Additional aircraft have also been posted to our base in Cyprus to patrol the skies with NATO Allies in Eastern Europe, and UK warships are conducting patrols in the Eastern Mediterranean Sea alongside NATO Allies from Canada, Italy, Spain and Turkey.

The UK has long called on others to increase their contributions to the Alliance, and it is very welcome that, for instance, Germany recently announced that it will henceforth spend 2 per cent of its GDP on defence.

Ukraine & NATO

Each and every nation has a sovereign right to choose its own security arrangements. Countries choose NATO; NATO does not choose them. If Russia has concerns about enlargement, then perhaps it should ask why, when countries were free to choose, they chose NATO – a purely defensive alliance. The UK stands up for the right of all countries, including Ukraine, to choose their own destiny; and is clear that the Kremlin has no right to dictate what other sovereign states can or cannot choose. Therefore, whilst I appreciate the calls for Ukraine to join NATO, ultimately membership is a matter for Ukraine themselves and no one else.

No-fly zone

I understand people’s desire to see a no-fly zone instituted above Ukraine. However, I would highlight the words of the Minister for the Armed Forces, James Heappey MP, in the House of Commons that such a policy would present too high a risk of miscalculation and escalation that could ultimately lead to the inadvertent triggering of NATO’s Article 5.

Brits joining the Ukrainians

The FCDO advises against all travel to Ukraine and is recommending that British nationals still in Ukraine should leave immediately if it is safe to do so. I understand people’s desire to help in this terrible situation and I would highlight that the Ukrainian Embassy to the UK has set up a special fund to provide humanitarian assistance to Ukraine’s civilian population and to purchase medical and military supplies for Ukraine’s army. It is possible to donate at withukraine.org. As such, I would dissuade any Brit from travelling to Ukraine, whatever the reason.

Food Security

Ukraine is a major producer of grain. Russia's invasion of the country will undoubtedly severely impede these exports, the effect of which will be felt around the world. The UK has a highly resilient food supply chain, built on strong domestic production and diverse sources of foreign supply. The Prime Minister outlined just some of the measures the Government is taking to further buttress UK food security, including to support domestic producers, in the House of Commons on 2 March when questioned on this matter.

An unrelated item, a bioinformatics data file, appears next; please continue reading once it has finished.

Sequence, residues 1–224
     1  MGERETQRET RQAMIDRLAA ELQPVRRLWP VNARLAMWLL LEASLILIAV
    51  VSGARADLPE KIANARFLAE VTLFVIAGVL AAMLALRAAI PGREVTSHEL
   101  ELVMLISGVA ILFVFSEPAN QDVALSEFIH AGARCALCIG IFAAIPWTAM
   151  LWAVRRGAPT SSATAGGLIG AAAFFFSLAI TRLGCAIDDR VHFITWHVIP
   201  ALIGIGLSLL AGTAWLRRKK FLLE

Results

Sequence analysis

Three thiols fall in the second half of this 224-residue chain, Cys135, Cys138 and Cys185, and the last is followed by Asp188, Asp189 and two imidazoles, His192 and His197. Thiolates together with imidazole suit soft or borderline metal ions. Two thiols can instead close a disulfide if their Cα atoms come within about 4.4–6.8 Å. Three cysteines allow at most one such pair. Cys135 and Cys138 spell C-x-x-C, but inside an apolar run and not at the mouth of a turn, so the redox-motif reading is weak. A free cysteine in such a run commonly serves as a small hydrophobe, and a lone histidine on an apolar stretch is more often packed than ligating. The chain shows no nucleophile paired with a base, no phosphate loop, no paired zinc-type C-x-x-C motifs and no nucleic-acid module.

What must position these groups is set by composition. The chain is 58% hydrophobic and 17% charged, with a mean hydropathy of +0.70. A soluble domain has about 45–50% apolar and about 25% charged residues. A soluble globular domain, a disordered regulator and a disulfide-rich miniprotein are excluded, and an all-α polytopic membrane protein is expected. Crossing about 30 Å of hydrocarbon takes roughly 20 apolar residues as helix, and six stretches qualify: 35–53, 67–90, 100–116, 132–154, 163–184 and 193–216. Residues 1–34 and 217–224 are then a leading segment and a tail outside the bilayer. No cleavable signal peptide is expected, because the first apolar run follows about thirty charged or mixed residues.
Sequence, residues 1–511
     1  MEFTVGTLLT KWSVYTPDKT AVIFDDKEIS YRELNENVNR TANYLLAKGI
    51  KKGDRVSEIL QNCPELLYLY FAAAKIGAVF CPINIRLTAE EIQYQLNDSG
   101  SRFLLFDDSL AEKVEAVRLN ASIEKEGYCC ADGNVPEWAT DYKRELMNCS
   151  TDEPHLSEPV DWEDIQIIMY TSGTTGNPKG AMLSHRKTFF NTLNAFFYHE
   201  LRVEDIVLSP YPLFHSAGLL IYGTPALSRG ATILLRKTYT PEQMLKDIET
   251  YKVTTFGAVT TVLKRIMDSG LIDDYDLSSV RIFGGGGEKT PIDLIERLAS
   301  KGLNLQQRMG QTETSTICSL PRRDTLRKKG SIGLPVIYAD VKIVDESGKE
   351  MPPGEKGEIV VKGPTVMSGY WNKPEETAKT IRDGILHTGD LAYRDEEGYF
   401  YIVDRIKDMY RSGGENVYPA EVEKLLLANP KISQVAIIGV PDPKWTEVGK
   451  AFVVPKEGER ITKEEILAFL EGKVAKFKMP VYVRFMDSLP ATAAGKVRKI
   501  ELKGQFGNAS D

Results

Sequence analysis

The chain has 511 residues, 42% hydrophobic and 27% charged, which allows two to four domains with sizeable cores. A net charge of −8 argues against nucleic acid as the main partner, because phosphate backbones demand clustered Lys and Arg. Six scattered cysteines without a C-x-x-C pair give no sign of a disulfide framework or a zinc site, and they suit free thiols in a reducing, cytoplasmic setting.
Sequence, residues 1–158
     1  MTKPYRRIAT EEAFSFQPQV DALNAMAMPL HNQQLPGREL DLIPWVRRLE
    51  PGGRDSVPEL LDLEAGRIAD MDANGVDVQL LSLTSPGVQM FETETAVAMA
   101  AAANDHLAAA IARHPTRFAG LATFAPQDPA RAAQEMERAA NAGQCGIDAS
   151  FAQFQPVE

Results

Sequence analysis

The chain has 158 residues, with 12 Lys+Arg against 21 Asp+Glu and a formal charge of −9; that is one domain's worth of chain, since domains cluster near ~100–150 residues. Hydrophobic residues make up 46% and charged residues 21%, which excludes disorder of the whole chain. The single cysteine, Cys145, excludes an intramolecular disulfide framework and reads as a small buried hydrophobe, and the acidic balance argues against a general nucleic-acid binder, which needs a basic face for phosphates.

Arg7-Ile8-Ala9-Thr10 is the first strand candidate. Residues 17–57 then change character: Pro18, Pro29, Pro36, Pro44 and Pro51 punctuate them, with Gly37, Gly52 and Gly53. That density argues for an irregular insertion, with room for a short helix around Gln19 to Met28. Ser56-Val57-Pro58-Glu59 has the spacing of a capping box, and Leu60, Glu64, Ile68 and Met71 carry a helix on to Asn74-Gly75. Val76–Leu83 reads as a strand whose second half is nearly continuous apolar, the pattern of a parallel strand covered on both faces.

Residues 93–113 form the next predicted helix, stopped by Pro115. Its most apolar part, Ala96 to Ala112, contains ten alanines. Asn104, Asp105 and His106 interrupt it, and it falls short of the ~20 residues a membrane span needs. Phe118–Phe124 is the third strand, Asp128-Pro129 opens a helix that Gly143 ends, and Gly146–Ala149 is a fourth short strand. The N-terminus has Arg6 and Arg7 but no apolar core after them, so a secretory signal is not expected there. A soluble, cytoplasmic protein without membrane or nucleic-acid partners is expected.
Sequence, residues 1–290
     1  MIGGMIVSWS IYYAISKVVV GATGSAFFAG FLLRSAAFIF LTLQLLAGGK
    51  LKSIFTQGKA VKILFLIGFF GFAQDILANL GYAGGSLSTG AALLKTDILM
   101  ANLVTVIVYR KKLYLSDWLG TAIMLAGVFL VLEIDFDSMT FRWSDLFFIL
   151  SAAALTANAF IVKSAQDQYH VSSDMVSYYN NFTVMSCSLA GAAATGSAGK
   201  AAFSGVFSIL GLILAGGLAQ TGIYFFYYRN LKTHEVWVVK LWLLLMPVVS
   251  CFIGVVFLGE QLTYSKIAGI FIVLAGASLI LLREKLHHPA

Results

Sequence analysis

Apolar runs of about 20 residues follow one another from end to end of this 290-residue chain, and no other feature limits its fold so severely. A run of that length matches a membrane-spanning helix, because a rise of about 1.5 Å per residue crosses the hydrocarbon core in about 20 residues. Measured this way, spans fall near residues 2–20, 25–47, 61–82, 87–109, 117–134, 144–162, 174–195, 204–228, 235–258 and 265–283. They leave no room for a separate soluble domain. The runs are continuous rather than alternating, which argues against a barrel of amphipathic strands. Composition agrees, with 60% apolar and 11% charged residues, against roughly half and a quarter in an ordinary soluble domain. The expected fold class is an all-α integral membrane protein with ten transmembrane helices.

Potential Russian War Crimes

The images emerging from Ukraine, including of mass civilian casualties (including children) resulting from the indiscriminate bombing and shelling of cities by the Russian military, are immensely harrowing. The UK is crystal clear that President Putin cannot commit these horrific acts with impunity and, on 2 March, along with 37 of our allies, referred his regime's atrocities in Ukraine to the International Criminal Court. This referral means the ICC Prosecutor can now proceed straight to an investigation. The UK also joined 44 partners on 3 March to launch an OSCE mission to investigate violations of human rights and international humanitarian law by Russia in Ukraine.

Nuclear Power Plant Attack

Attacks against civilian nuclear sites are prohibited under the Geneva Conventions. An International Atomic Energy Agency resolution condemning Russia's assaults on nuclear facilities in Ukraine was passed on 3 March. The UK is using all legal and political means at its disposal to further address these acts, including via the UN Security Council.